I’ve always admired Julianne Moore. She always sounds thoughtful, she’s a great actress, and she has an awesome side career as a children’s book author. She’s also not afraid to talk about feminism. Hence, I was not too surprised when I saw a quote from her latest magazine profile where she thoughtfully discusses the different ways interviewers approach male and female subjects.
Speaking to Dujour Magazine recently, Moore quickly grew tired of being asked questions about her children and her thoughts on aging, and said as much. To her credit, the writer made that a part of the story:
In person, Moore comes across as both warm and no-nonsense—her responses to several of my questions betray a very low-key frustration with the kinds of questions she’s always asked, but she’s genial nevertheless. “Do we have to talk about parenthood?” she wonders, after I push her to elaborate. “I don’t mind, but I do think it’s an extremely profound experience, something that’s difficult to encapsulate in a single interview.” Later, she worries that queries about parenting and getting older might be inherently sexist, regardless of intent. “Men aren’t asked about age,” she points out. “Men aren’t asked about their children. Not that these things aren’t important, but I do feel like it becomes reductive,” she says, returning to the same (not particularly common) word that she used earlier in our conversation, “when a woman’s life becomes, ‘Talk to me about your kids and how you feel about plastic surgery.’ ”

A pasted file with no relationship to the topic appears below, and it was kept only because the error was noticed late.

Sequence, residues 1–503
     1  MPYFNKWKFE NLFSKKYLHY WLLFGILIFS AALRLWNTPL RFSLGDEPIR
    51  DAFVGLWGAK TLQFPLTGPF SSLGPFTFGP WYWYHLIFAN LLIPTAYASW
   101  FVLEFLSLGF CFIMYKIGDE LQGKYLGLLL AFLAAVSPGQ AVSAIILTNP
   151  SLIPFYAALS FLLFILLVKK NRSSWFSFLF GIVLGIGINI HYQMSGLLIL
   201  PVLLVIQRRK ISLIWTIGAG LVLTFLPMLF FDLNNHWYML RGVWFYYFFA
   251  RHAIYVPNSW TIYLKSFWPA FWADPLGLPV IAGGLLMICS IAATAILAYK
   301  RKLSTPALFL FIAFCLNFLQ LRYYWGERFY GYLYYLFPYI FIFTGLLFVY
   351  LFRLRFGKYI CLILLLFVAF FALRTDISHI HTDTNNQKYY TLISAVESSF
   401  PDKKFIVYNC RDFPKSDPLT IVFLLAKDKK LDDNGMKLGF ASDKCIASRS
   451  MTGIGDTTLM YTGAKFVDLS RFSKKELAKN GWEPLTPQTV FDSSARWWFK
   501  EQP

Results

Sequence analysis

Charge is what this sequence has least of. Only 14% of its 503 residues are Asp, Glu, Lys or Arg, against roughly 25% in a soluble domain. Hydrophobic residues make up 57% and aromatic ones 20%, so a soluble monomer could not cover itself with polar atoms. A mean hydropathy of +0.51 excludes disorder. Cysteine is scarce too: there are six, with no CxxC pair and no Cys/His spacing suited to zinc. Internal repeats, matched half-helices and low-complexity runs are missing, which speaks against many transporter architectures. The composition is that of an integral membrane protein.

This is a really good answer. Rather than 1.) biting the writer’s head off, or 2.) giving some sunny pull quote about how motherhood is the best thing that’s ever happened to her, she explained why those questions irk her in a friendly and concise fashion. This is especially impressive, considering the number of times she’s probably been asked the exact same things. I mean, people start asking actresses if they’d ever get plastic surgery when they’re still in their twenties. Moore is now 52. I don’t even want to know how many times this has happened to her.
But then, maybe to show she wasn’t mad, she went ahead and said something amazingly profound about people’s fear of aging anyway:
“Our fear of aging is really a fear of dying; aging is a physical manifestation of decay, and I think that is what’s so upsetting to most people.”
And there you have it: our society’s shallow obsession with youth is really just our fear of death, concealed by so many ponytails and crop tops. Julianne Moore, you are one smart cookie.